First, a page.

Fatal Adverse Event Halts Enrollment in Atara Mesothelioma Trial

Patient enrollment for the clinical trial, which was testing Atara’s autologous chimeric antigen receptor (CAR) T-cell immunology therapy called ATA2271, has been paused.

Atara Biotherapeutics, an immunology-focused biopharmaceutical company based in San Francisco, announced a fatal serious adverse event (SAE) with a patient in a clinical trial at Memorial Sloan Kettering Cancer Center (MSK).

New Patient enrollment in the clinical trial, which is testing Atara’s autologous chimeric antigen receptor (CAR) T-cell immunology therapy called ATA2271, has been paused - an action the Food and Drug Administration supported - while Atara, MSK and the FDA review the case.

“The safety of every patient participating in studies we are funding or conducting is of the utmost priority for Atara. Clinical evaluation of the case remains ongoing, and we are working closely with investigators at MSK, who are conducting the ATA2271 study under their IND, to establish the underlying causes of the event. We anticipate providing a further update in the coming weeks following further discussion and consultation with MSK,” said Jakob Dupont, M.D., head of global research and development at Atara.

Atara’s ATA2271 therapy is the latest in the company’s line of immunotherapy treatments designed to treat patients with cancer and autoimmune diseases. ATA2271 is an autologous, second-generation immunotherapy treatment that uses T-cells, a type of immune cell, to target mesothelin. Mesothelin is a type of protein called an antigen, and when it is overexpressed, it frequently leads to cancer, particularly mesothelioma and other solid tumors.

In this clinical trial, Atara worked with MSK to recruit patients who were suffering from malignant pleural mesothelioma, a cancer commonly caused by mesothelin anomalies. Normally, patients with malignant pleural mesothelioma only survive for about 9-17 months, even with aggressive chemotherapy and radiation treatments. Atara hopes the ATA2217 CAR T-cell treatment can help harness the body’s natural immune system to fight the tumor without harming other body systems.

Phase I of the clinical trial went well, and the therapy was found to be well tolerated. In January 2022, Atara announced positive results. In both in vitro and in vivo functional studies, the therapy effectively suppressed tumor growth and increased cell function in the presence of suppressive checkpoint ligands commonly associated with solid tumor microenvironments.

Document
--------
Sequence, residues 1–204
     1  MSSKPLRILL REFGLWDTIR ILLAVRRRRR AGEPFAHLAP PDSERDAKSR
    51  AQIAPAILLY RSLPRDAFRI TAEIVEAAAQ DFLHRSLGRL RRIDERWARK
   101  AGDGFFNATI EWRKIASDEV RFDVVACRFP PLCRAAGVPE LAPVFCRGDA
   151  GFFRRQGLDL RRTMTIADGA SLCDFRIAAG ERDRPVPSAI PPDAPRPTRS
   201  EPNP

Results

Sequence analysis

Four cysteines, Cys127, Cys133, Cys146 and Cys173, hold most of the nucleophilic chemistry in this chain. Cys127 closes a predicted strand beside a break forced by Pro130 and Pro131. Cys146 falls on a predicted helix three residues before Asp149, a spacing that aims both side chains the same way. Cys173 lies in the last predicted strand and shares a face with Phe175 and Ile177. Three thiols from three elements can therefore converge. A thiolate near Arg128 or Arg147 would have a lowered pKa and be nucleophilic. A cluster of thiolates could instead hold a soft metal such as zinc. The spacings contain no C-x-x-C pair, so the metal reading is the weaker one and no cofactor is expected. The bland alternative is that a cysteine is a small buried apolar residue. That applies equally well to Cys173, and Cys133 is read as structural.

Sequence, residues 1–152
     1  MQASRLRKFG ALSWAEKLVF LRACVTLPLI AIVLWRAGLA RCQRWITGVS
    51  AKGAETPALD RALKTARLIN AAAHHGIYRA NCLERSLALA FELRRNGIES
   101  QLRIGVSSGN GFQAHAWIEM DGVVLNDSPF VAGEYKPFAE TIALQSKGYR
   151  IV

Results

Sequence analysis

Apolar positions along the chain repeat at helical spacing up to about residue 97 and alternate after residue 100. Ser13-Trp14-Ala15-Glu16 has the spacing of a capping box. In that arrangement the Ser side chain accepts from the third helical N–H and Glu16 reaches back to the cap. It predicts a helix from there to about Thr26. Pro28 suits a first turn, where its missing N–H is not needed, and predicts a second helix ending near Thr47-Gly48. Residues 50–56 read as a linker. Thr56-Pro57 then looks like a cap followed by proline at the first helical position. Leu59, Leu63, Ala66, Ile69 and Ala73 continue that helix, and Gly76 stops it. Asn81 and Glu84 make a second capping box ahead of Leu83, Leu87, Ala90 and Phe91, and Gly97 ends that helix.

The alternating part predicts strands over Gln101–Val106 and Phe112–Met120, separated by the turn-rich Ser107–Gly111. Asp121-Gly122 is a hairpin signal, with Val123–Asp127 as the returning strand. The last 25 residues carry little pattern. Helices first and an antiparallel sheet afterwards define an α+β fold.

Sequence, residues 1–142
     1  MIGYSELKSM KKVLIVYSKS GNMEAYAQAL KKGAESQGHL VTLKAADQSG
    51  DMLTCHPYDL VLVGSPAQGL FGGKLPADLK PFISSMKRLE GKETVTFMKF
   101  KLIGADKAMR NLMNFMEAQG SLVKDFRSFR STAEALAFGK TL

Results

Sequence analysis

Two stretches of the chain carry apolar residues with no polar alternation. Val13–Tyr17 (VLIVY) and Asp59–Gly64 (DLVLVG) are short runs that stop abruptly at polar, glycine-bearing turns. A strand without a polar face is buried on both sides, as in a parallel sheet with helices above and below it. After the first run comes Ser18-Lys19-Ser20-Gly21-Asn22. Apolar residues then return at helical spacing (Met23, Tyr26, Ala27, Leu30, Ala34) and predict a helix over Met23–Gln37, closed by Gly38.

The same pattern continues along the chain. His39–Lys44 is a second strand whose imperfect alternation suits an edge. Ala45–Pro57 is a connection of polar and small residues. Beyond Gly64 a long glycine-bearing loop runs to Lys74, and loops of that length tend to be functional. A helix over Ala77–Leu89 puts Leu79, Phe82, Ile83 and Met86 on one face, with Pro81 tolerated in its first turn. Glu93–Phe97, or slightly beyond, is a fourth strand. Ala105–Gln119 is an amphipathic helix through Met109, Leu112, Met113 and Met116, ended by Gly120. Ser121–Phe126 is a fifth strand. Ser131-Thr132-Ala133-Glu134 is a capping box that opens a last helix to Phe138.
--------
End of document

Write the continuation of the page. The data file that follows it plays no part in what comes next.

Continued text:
The previous clinical success of ATA2217 further complicates the fatal serious adverse event in the ongoing trial. MSK and Atara noted that the patient had “a history of multiple malignancies and other comorbidities” during treatment for advanced recurrent mesothelioma. MSK and the FDA are investigating what happened to the patient. Part of the investigation will assess whether ATA2217 was responsible for the death, and if so, to what extent.

Although the clinical trial for ATA2217 has been paused, Atara emphasized that other clinical work for lifesaving treatments will continue. Currently, Atara is filing for an Investigational New Drug (IND) for its ATA3271 immunotherapy, a separate, off-the-shelf, allogeneic CAR-T therapy that is also designed to treat mesothelioma and similar tumors. Atara will continue with its application to the FDA. Atara’s treatments ATA3271, ATA3219, tab-cel and ATA188 will all continue, as they are all based on the same T-cell platform and have had high safety and tolerability results in over 400 patients.

Atara will also continue its research in other areas of immunotherapy. Using its novel allogeneic Epstein-Barr virus (EBV) T-cell platform, the company will continue working on cures for cancers and immune diseases such as multiple sclerosis and hematologic malignancies.